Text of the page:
The resume objective is often one of the most powerful parts of a resume. It usually summarizes the position that the job seeker is applying for as well as his or her main qualifications for that job. There are several things to consider when writing an effective resume objective.
The main consideration for writing the resume objective is realizing that this seemingly simple portion of the resume will be one of the first things a prospective employer will see about the job seeker. It is important, then, to use it show a level of professionalism by emphasizing main qualifications that are relevant to the position that is being applied for with well thought out sentence structure. Another consideration when writing a resume objective is to be sure to list some career goals that will allow the hiring party to see beyond past experience.
Yet another major consideration when writing a resume objective is knowing the audience and tailoring the objective to them. For example, the resume might be received by a human resources department, or it could be read first by the head of a company, depending on the size of the organization. These two different audiences may require different styles. It is also important to try to write qualifications that match what the reader might be looking for in a prospective employee.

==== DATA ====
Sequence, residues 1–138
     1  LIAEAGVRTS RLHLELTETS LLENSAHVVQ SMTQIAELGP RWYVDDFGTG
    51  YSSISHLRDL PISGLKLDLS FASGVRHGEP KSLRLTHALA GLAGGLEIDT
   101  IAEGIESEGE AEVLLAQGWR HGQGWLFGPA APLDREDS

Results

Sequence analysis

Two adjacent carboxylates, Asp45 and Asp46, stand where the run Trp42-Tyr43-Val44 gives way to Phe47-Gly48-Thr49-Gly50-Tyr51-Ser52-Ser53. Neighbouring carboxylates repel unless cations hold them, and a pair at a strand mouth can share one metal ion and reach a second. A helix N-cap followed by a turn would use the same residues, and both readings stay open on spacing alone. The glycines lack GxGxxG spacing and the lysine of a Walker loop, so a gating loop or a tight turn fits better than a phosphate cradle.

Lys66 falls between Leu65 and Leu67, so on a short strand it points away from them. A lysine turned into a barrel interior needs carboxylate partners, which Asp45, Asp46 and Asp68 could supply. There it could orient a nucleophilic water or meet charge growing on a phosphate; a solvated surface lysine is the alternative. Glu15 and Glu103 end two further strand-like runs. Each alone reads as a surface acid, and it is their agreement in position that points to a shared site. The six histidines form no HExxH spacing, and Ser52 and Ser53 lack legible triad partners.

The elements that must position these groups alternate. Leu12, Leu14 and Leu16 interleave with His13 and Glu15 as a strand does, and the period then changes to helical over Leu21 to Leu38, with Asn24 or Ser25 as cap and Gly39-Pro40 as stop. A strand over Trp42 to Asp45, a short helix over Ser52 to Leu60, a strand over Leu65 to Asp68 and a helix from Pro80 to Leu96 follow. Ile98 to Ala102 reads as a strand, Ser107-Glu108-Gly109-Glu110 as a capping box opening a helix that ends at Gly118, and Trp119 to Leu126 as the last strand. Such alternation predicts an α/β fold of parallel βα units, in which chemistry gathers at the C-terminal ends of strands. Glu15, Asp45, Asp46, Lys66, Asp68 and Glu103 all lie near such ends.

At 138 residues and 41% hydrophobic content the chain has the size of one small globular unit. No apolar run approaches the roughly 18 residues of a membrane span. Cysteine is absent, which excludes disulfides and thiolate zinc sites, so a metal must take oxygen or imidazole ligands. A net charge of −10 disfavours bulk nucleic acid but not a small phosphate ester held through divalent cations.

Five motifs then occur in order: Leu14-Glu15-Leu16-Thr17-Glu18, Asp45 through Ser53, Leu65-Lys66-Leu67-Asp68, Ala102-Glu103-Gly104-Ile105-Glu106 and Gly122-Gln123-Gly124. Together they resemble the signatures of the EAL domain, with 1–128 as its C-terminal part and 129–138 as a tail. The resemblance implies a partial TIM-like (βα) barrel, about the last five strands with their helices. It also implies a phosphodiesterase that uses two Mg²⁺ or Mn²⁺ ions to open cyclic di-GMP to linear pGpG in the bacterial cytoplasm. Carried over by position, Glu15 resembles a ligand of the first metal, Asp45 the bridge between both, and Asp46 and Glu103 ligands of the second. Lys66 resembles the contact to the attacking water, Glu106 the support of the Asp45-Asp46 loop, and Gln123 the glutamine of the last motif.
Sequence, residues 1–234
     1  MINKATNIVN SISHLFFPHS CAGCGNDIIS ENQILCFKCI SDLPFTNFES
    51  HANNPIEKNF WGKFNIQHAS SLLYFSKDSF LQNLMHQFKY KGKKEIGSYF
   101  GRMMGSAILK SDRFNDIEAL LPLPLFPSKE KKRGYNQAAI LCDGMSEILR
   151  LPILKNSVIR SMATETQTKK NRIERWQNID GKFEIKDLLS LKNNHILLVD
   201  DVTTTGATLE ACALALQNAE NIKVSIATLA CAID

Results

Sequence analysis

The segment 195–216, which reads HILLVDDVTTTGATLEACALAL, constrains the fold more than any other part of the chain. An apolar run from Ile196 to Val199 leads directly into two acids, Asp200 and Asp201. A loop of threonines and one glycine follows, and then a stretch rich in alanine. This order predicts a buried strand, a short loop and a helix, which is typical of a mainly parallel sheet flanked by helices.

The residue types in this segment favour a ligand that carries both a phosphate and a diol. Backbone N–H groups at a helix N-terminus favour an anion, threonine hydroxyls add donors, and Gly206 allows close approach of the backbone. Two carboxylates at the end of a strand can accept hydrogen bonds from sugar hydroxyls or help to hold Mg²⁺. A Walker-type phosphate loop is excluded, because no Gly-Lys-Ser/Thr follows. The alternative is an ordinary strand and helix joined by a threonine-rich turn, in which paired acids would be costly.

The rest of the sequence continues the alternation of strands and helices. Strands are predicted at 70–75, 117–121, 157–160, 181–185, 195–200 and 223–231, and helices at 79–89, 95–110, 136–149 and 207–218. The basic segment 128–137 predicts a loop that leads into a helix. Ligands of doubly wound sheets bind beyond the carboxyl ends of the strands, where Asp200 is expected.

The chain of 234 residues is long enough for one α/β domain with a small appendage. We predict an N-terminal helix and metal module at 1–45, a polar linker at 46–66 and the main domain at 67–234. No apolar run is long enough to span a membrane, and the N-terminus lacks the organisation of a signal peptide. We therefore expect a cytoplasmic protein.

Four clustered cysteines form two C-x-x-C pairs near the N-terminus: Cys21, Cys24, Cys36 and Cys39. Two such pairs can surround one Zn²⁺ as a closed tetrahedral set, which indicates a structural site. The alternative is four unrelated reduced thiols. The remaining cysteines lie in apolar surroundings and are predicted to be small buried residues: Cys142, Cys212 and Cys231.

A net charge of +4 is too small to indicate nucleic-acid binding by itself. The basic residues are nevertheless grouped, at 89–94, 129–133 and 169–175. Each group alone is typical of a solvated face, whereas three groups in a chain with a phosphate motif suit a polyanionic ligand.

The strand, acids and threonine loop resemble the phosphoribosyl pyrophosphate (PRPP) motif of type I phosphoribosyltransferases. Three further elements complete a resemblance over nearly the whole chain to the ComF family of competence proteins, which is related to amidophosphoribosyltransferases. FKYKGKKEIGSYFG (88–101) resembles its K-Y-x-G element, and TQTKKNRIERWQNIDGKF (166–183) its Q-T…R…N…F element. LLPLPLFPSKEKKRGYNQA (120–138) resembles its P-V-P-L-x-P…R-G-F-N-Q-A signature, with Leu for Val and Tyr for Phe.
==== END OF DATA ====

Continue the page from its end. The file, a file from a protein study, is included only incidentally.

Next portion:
When the hiring party reads the resume objective, they are often confused because the statement is simply too vague. It is very important that the objective is written with specific descriptions and qualifications rather than “cookie cutter” information that can be used when applying for any position. A good way to be sure that the resume objective is more specific is to heavily research the position that is being applied for and build the objective on specific content discovered in the research.
Finally, when writing a resume objective, it is important to use correct grammar and plenty of strong action verbs, which can include words like designed, managed, organized and many others. Again, this is often the first part of the resume that an employer might see, and would probably reject upon finding typos or other grammatical errors.